Boyd is a force for good in the Austin Developer Community, serving as a mentor for many startups and developers.  He can be frequently found running or speaking at Meetups for Austin DevOps, Docker Austin, and other groups, volunteering with Geek Austin events, such as Data Days Texas, and is anchoring the upcoming Container Days Conference.

Boyd talked to us about two upcoming tidal waves – Docker and Lamdba.  Docker is a hot topic among the infrastructure community, which takes virtualization to the next level enabling unheard of level of efficiency.  Docker is moving fast, having gone from preview to production release in under 18 months, and it’s already fully supported by AWS and Google Cloud.  Lambda is a new service announced at Amazon’s latest Re:Invent conference, which creates an ecosystem of event-triggered micro-services.  This allows code to be run only when needed and the attached infrastructure to be billed in sub-second increments.  Together these innovations will dramatically change the way in which applications are created, and with the improved efficiency significantly lower the cost of running an infrastructure.

My favorite point from Boyd’s talk was around disposable environments.  SysAdmins used to treat their infrastructure personally – each server was hand built, lovingly named and carefully cared for.  With the advent of Cloud Computing we’re now treating infrastructure as cattle instead of pets – servers come up and down automatically, do their work then go away.  With micro services and Docker the movement is now to ants instead of cattle – they are so disposable you don’t even notice that you’re stepping on them.  At StackEngine, Boyd is building the tools that make the ants all march in formation.

A huge thanks to all of our speakers at GeekFest.  We’ll be posting the videos from that and our other SXW2O events soon.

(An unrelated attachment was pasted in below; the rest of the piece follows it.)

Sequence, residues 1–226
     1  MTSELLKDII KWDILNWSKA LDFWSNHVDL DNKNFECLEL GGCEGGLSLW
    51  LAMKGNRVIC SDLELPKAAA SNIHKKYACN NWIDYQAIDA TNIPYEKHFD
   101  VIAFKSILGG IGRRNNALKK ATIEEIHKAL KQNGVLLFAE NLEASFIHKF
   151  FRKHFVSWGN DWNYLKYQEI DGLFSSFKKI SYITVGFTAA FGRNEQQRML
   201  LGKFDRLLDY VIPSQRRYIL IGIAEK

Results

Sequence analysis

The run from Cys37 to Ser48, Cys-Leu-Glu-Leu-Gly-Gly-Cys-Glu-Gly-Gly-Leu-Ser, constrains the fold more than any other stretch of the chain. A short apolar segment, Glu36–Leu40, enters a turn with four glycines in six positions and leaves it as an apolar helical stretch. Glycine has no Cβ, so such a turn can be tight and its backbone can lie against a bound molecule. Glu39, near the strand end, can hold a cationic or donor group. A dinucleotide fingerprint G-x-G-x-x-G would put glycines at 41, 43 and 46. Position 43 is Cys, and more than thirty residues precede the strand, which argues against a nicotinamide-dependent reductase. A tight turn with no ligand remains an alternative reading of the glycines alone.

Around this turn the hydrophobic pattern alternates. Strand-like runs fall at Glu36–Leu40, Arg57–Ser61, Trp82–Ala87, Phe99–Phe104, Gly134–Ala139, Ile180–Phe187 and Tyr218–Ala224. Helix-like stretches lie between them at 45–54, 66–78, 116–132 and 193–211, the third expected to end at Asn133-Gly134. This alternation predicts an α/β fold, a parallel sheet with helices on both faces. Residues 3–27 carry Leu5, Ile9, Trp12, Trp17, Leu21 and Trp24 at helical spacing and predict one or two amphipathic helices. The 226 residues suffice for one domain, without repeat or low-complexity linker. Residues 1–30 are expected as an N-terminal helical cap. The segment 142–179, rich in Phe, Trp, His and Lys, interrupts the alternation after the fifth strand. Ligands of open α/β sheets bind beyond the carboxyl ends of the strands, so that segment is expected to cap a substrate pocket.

For more information on our SXW2O events, please visit our website: http://w2oevents.com

A Brief Recap of the Digital Marketing and Design Panel – part of Saturday’s GeekFest events

In a continuation of the day’s theme of emerging trends in the technology and communication landscape, this panel featured experts sharing their experiences and perspectives on new ways to foster connections. While each of our four experts shared their very approaches, all of them were all rooted in active listening and seeking more meaningful connection points.

Learning from each other

Daina (1)

Daina Middleton, Head of Global Business for Twitter, shared her personal passion for seeking connection through identifying the unique perspectives different team members share in approaching leadership and problem-solving. Middleton has been studying communication phenomena in different time periods, specifically the Old West, when traditional male and female work roles expanded because of need and the harsh environment. Her research has focused on identifying how to create stronger teams by recognizing and valuing the different approaches women and men generally take in the workplace.